Another problem is Appiah's seeming unawareness that "culture" can be a literal prison for a sensitive person raised within it. In defense of what used to be called "female genital mutilation" he here (p-73) tells African women that the operation can be regarded as "an expression of your cultural identity." Try telling that to Hirsi Ali, whose efforts to free herself, at considerable personal risk, of the bonds of a very similar cultural background after having received such a "cultural identity" mark has attracted worldwide attention. Also unmentioned by him is any recognition that over the span of human history it has often been precisely those who found the courage to think and act in opposition to their cultural heritage who became some of humanity's greatest benefactors. When confronted by epilepsy Jesus saw only a boy possessed by demons, but 400 years earlier while discussing that same disease Hippocrates mocked his cultural compatriots and their demon-haunted world by claiming that epilepsy was nothing more than the result of natural causes, and he thereby laid the foundations for the long journey that culminated in the benefits of modern medicine. Appiah's primary motivation seems to be a desire to step on no one's toes, but his efforts are unconvincing, and he might well have considered these comments of Edward Grant, a major figure in understanding the history of science. While speaking of the cultural backwardness of medieval Europe when faced by the superior cultures of the Middle East, Grant wrote:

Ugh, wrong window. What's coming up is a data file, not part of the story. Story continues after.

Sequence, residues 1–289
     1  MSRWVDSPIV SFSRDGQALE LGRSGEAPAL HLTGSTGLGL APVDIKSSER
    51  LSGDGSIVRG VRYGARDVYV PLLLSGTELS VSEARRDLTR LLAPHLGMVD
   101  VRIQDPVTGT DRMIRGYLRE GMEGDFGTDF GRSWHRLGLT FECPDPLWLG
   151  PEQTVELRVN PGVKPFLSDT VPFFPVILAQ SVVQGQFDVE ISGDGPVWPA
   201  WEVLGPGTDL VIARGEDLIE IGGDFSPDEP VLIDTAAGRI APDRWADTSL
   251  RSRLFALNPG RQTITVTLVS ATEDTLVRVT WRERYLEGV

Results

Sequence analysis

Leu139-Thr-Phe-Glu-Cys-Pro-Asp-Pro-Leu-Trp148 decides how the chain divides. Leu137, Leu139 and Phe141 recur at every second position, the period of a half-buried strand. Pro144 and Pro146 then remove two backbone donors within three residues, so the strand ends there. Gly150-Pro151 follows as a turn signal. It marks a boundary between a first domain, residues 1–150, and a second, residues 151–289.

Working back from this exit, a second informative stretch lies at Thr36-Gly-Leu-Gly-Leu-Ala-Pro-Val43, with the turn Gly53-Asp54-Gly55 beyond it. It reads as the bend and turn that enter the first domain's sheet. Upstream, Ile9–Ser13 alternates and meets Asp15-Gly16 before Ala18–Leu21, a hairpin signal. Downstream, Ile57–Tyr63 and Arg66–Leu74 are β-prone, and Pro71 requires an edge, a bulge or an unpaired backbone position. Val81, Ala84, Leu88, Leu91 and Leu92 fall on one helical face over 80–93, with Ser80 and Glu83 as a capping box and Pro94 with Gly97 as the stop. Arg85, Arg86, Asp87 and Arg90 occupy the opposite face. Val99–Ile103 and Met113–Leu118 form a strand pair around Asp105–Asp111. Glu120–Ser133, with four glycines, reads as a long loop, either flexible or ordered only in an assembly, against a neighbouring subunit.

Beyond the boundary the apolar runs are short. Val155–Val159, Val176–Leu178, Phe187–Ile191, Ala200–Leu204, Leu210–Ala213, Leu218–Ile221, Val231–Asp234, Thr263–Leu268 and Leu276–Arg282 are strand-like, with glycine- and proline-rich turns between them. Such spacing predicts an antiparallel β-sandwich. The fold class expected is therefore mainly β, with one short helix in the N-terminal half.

"Latin scholars in the 12th century recognized that not all cultures are equal. They were painfully aware that with respect to science and natural philosophy, their civilization was manifestly inferior to that of Islam. They faced an obvious choice: learn from their superiors or remain inferior forever. They chose to learn. Had they assumed that all cultures were equal . . . they would have had no reason to seek out Arab learning and the glorious scientific legacy that followed would not have occurred."

Well said, even though Appiah provides little evidence of grasping the significance of such a perspective.